The Power of DI

There is one album that is very special to me. It doesn’t matter what it is. But whenever I play it on my pro audio equipment or on my home audio system it all comes back to me, feeling the love and desire while I first played one of the songs on my guitar for my first love, then the soft longing I had in her absence when we parted for the summer, the confidence that we would see each other again soon and resume our happiness, then months later the disillusionment I felt while driving through the shrubby brown hills of West Texas on my way back to school and the understanding that maybe she and I weren’t meant to be together, and worse, that everything we had lived together before was just passing the time, and that isn’t that what life is – a giant collection of moments we have to pass as peacefully and blissfully as possible – and then the later memories, of how I played the album and that song again and again months and years later, after the pain had worn off, and those very feelings I first enjoyed became suffused in nostalgia with the richness of time.Look at this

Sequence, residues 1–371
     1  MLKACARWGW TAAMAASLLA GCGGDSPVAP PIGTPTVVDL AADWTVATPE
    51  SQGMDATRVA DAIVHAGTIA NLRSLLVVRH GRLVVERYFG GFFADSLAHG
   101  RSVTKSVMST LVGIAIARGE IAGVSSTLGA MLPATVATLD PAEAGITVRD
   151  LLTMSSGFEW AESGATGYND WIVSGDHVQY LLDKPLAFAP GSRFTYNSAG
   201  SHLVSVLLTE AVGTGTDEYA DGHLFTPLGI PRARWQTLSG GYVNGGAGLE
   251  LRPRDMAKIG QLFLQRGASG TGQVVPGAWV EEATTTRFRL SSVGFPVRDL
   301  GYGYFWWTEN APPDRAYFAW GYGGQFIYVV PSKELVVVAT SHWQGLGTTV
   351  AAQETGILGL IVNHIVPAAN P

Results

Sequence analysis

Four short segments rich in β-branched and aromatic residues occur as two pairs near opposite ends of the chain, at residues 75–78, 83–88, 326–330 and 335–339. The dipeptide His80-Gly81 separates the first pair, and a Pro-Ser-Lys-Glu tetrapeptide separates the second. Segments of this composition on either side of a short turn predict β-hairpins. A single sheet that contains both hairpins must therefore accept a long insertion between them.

And today, being able to reflect on all those feelings I no longer even feel them when I play the album on my home audio system, but rather a collection of them tied to the album itself, so that it’s the memory of the album holding good memories that I find enjoyable when I’m not actually listening to the deliciously beautiful and melodic songs. The album’s a little more than half an hour long and yet ironically it holds years of my life, which ordinarily I don’t have access to in anything more than flashes and bursts of memories, little snatches of images of her face, and looking out on the road, and feeling sweetly melancholy and alone, and all the realizations from that period of my life being truer than anything I’ve ever known since.

All that from a single album played off a home audio system. I’m almost afraid that the more I listen to it, the more present memories I’ll imbue it with, which will cancel out the old ones, and so I’m reticent to listen to it on repeat the way I used to while I first explored the intricacies of its steel guitar and syncopated cowbell.


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